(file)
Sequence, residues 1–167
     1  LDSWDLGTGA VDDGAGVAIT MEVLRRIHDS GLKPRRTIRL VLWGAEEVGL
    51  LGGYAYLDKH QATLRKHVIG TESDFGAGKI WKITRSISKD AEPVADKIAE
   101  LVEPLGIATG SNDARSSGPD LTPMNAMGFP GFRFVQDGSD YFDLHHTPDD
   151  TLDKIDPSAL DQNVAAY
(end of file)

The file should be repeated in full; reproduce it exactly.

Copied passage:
Sequence, residues 1–167
     1  LDSWDLGTGA VDDGAGVAIT MEVLRRIHDS GLKPRRTIRL VLWGAEEVGL
    51  LGGYAYLDKH QATLRKHVIG TESDFGAGKI WKITRSISKD AEPVADKIAE
   101  LVEPLGIATG SNDARSSGPD LTPMNAMGFP GFRFVQDGSD YFDLHHTPDD
   151  TLDKIDPSAL DQNVAAY